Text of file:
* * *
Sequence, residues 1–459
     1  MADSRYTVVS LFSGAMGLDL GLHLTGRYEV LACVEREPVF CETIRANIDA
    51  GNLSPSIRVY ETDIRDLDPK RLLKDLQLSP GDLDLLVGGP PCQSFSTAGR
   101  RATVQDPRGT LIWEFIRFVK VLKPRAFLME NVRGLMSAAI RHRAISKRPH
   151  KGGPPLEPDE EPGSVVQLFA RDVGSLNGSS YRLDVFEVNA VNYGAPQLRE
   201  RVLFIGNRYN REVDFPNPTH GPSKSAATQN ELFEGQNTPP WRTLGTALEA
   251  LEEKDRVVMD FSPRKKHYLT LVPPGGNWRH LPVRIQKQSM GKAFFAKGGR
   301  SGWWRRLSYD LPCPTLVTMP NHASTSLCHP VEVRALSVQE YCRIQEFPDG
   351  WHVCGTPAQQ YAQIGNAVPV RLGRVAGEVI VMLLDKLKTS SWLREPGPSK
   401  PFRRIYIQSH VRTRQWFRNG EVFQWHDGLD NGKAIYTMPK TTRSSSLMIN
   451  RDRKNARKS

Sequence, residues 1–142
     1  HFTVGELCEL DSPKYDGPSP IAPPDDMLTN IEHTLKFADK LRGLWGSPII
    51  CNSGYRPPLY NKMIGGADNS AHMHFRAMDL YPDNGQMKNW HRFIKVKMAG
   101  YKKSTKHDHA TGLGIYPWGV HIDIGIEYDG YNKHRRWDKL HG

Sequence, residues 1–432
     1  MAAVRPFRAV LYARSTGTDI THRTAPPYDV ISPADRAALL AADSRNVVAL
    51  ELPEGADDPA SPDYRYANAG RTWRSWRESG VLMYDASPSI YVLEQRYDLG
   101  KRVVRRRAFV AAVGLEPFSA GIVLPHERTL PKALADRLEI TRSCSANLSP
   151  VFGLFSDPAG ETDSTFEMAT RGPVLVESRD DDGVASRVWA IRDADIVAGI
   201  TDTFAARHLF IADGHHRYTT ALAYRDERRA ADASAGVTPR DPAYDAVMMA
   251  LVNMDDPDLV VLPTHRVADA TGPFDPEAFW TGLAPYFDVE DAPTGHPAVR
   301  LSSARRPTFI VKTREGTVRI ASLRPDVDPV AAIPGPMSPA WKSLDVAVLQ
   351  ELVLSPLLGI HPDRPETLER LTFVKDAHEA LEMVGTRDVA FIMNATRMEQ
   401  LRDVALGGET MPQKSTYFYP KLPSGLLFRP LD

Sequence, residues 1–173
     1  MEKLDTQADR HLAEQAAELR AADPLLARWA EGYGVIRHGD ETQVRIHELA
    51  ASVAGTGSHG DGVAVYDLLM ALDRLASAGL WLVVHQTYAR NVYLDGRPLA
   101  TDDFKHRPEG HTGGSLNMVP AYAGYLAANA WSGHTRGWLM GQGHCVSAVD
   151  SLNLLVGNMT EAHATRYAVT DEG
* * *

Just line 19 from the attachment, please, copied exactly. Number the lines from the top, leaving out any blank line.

   101  KRVVRRRAFV AAVGLEPFSA GIVLPHERTL PKALADRLEI TRSCSANLSP